WBS UK Probabilistic Forecasts, Nov 2017
WBS forecasts for 2017 and 2018
The figure below presents WBS’s latest (as of 23^{rd} November 2017) probabilistic forecasts for real GDP growth and inflation – for 2017 and 2018 – as histograms.
Conditioning on the latest GDP data from the ONS for 2017Q3, both the figure and Table 1 below reveal that economic growth of between 1% and 2% is forecast for 2017, with near certainty. Relative to one quarter ago, the probability of lacklustre growth of less than 2% has increased from 88% to near 100%, suggesting uncertainty only within the narrow 12% range. At the same time, the forecast density for growth in 2018 has been revised downwards. Relative to one quarter ago, there has been a reduction in the probability of growth greater than 2% from 55% to 36%. And there is now a much reduced 9% chance of growth greater than 3% in 2018, down from 25% one quarter ago.
The inflation outlook for 2017 also reflects the fact that we now have data for much of 2017  there is now a near zero probability that inflation exceeds 3% in 2017 – the probability has fallen from 10%. There remains, however, a 27% probability that inflation exceeds 3% in 2018, a slight rise from the probability forecast of 23% one quarter ago. The inflation density for 2018 has shifted slightly to the right.
Table 1: Probability Event Forecasts for Annualised % Real GDP Growth and CPI Inflation
Year 
Real GDP Growth (%, p.a.) 
CPI Inflation (%, p.a.) 


Prob(growth<0%) 
Prob(growth<1%) 
Prob(growth<2%) 
Prob(letter) 
Prob(CPI<1%) 
Prob(CPI>3%) 
2017 
<1% 
<1% 
100% 
<1% 
<1% 
<1% 
2018 
4% 
24% 
64% 
31% 
4% 
27% 
Comparison with other forecasters
The main objective of the WBS forecasting system is to provide benchmark and judgementfree probability forecasts; and to assess the risks associated with other forecasts.
Accordingly, we take the most recent point forecasts from the Bank of England, the HMT panel of independent forecasts, the National Institute of Economic and Social Research and the OBR.
We use the WBS forecasting system histograms to compute the probability that GDP growth or inflation is greater than the other forecaster’s “point” forecast. If the point forecast from the other forecaster falls in the centre of the WBS forecast distribution we would expect this probability to be 50%. On the other hand, if the forecaster is more optimistic (pessimistic) than we suggest they should have a probability less (greater) than 50%.
Table 2: Forecast Comparison for 2017

Real GDP Growth (%, p.a.)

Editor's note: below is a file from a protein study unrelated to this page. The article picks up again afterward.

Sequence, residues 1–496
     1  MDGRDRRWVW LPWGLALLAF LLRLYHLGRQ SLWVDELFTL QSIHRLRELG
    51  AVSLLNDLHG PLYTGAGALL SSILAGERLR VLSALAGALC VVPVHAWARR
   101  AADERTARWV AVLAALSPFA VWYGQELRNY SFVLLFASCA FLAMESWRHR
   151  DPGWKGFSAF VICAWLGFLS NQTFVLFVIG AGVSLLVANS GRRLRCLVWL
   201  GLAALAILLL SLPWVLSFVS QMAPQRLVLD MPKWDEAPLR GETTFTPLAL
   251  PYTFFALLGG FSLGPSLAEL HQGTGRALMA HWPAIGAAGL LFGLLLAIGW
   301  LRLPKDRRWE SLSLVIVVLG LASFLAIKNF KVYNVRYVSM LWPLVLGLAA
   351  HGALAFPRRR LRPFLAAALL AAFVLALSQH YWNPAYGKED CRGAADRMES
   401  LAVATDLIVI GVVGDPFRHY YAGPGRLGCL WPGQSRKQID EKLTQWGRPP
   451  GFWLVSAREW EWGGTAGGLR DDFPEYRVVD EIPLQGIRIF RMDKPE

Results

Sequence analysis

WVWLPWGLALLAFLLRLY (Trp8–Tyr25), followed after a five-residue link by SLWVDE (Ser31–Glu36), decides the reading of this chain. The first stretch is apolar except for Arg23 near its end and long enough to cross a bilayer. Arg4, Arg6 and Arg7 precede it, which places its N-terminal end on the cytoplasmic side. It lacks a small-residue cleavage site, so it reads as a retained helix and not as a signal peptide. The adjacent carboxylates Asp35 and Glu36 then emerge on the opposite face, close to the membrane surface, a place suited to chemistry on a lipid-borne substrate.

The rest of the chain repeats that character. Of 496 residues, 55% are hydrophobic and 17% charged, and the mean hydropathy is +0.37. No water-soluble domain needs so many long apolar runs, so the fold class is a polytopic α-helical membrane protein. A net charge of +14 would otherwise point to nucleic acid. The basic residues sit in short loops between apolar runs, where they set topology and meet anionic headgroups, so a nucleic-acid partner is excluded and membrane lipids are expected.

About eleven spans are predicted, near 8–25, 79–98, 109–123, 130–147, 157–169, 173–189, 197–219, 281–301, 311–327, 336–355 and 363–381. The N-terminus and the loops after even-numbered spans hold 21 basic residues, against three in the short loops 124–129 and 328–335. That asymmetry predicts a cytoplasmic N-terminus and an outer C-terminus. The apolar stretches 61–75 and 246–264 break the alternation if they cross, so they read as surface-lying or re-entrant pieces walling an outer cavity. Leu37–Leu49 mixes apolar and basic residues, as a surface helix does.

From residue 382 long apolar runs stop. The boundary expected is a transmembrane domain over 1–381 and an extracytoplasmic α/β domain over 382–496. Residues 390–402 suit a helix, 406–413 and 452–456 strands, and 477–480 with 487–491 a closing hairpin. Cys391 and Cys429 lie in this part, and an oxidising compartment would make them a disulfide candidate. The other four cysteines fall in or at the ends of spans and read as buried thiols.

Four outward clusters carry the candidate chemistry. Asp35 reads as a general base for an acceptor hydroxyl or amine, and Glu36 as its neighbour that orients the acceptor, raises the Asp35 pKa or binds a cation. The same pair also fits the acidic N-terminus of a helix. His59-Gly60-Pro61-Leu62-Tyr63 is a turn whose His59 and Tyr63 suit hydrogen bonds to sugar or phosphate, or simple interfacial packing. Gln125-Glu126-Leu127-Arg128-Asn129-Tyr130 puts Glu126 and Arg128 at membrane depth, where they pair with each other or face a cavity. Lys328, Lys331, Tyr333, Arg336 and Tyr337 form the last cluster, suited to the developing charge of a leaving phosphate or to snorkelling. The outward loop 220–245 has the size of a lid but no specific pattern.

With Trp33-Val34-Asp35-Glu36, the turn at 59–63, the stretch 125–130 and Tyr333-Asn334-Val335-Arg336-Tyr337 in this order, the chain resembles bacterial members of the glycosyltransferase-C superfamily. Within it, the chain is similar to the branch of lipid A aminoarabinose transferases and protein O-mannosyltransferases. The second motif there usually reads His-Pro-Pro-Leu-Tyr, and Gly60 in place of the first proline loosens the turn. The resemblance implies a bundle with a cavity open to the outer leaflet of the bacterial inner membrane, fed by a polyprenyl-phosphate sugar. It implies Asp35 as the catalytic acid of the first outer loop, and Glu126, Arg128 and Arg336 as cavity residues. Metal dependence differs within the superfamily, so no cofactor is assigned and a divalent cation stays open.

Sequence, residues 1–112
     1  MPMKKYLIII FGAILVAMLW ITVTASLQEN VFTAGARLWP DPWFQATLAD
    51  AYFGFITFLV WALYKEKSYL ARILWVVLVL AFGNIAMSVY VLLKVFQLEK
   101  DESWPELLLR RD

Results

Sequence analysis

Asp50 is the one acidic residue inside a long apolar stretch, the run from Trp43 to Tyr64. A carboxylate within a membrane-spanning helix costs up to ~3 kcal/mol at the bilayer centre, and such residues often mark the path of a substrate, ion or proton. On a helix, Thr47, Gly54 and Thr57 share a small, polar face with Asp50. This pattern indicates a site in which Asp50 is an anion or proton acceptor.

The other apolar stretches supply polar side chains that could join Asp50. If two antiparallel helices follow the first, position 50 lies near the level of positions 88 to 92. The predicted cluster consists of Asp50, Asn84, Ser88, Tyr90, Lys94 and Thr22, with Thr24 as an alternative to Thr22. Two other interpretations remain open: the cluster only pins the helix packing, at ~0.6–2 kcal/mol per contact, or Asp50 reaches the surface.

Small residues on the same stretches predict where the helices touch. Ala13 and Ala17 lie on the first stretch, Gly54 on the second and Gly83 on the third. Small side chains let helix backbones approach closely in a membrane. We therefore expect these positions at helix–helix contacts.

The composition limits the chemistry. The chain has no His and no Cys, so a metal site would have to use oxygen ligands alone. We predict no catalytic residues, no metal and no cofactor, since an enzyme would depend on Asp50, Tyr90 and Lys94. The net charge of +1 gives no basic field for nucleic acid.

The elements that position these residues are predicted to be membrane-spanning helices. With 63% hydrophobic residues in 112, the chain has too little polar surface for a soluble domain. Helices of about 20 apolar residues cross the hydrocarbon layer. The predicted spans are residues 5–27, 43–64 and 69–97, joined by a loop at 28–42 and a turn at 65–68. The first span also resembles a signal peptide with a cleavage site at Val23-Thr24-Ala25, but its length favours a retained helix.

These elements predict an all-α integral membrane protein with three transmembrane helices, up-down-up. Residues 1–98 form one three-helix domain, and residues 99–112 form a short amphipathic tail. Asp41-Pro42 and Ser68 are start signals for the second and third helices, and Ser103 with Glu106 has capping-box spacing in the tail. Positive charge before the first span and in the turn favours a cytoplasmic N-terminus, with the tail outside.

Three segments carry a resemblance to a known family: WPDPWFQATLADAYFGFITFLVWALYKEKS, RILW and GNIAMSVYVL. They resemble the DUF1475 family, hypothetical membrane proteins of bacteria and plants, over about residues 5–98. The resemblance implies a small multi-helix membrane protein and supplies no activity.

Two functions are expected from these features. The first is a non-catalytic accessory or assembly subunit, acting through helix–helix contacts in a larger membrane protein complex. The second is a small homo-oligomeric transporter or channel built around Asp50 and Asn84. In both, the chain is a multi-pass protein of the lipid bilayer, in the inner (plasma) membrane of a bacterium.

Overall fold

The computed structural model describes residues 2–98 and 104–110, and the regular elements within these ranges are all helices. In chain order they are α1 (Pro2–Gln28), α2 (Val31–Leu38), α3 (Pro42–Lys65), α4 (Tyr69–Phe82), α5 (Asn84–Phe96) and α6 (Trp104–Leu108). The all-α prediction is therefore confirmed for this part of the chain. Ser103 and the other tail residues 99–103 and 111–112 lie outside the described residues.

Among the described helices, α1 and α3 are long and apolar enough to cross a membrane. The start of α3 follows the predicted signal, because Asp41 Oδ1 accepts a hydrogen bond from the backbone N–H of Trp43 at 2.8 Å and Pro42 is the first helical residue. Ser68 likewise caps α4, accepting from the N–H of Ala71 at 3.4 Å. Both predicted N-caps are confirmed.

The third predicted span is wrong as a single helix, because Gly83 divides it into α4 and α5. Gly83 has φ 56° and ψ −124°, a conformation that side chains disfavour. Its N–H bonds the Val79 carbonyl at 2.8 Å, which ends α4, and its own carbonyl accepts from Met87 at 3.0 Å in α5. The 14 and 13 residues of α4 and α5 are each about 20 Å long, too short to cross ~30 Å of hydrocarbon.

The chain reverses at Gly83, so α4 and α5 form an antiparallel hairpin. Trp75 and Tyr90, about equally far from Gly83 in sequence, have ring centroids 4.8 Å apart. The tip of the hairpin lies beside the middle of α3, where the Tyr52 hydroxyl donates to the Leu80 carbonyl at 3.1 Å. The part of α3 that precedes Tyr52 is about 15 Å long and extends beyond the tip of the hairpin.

CPI Inflation (%, p.a.) 


Point Forecast 
Prob. of a higher outturn 
Point Forecast 
Prob. of a higher outturn 
Bank of England[1] 
1.57 
0.24 
2.57 
0.59 
HMT Panel 
1.60 
0.18 
2.70 
0.08 
NIESR 
1.50 
0.40 
2.80 
0.01 
OBR 
1.50 
0.40 
2.70 
0.08 
Table 3: Forecast Comparison for 2018

Real GDP Growth (%, p.a.) 
CPI Inflation (%, p.a.) 


Point Forecast 
Prob. of a higher outturn 
Point Forecast 
Prob. of a higher outturn 
Bank of England1 
1.69 
0.48 
2.42 
0.55 
HMT Panel 
1.50 
0.56 
2.60 
0.45 
NIESR 
1.50 
0.56 
2.70 
0.40 
OBR 
1.40 
0.61 
2.40 
0.55 
Table 2 shows that the other forecasters are more optimistic about GDP growth in 2017 than the WBSFS, as the probability of a higher outturn is less than 0.5. But, this disagreement is within the narrow 1%2% range; reflecting the fact that we now have data for much of 2017; all forecasters agree with the WBSFS that GDP growth in 2017 is almost certainly between 1% and 2%.
But there is more uncertainty about GDP growth prospects for 2018. According to the WBSFS, the HMT Panel, NIESR and OBR are slightly too pessimistic, with the WBSFS suggesting a greater than 50% chance that growth exceeds their point forecast. But these numbers are closer to 50% than in previous quarters, reflecting a growing consensus of lacklustre GDP growth in 2018.
Table 2 also shows that the Bank of England’s forecasts for inflation in 2017 fall much closer to the centre of the WBSFS forecast distribution than those of the HMT, NIESR and OBR  the Bank of England and the WBSFS anticipate lower inflation this year. But, as with GDP growth, reflecting the data now available for 2017, there is in fact little disagreement between the forecasters about inflation prospects for this year. Looking ahead to 2018, Table 3 shows that the WBSFS now forecasts a 55%, 45%, 40% and 56% chance that inflation in 2018 exceeds the Bank, HMT Panel, NIESR and OBR forecasts, respectively. One quarter ago there was less consensus that inflation in 2018 would be around 2.5%.
Note on the Warwick Business School Forecasting System
The Warwick Business School Forecasting System communicates forecast uncertainties for UK GDP growth and inflation in an open and transparent way – free from judgement. The system involves consideration of a range of cuttingedge econometric forecasting models, as opposed to relying on a single model which is likely misspecified.
Focus is on the production and publication of accurate probabilistic forecasts, using statistical methods, rather than constructing a narrative or story around one particular, but likely far from certain, possible set of outturns.
The WBS forecasts thus emphasise forecast uncertainties; and provide a benchmark against which one can assess the plausibility of other forecasts.
[1] The Bank of England (mean) forecasts for calendar year inflation are derived from their published forecasts for the fourquarter inflation rate and are, therefore, to be treated as approximate.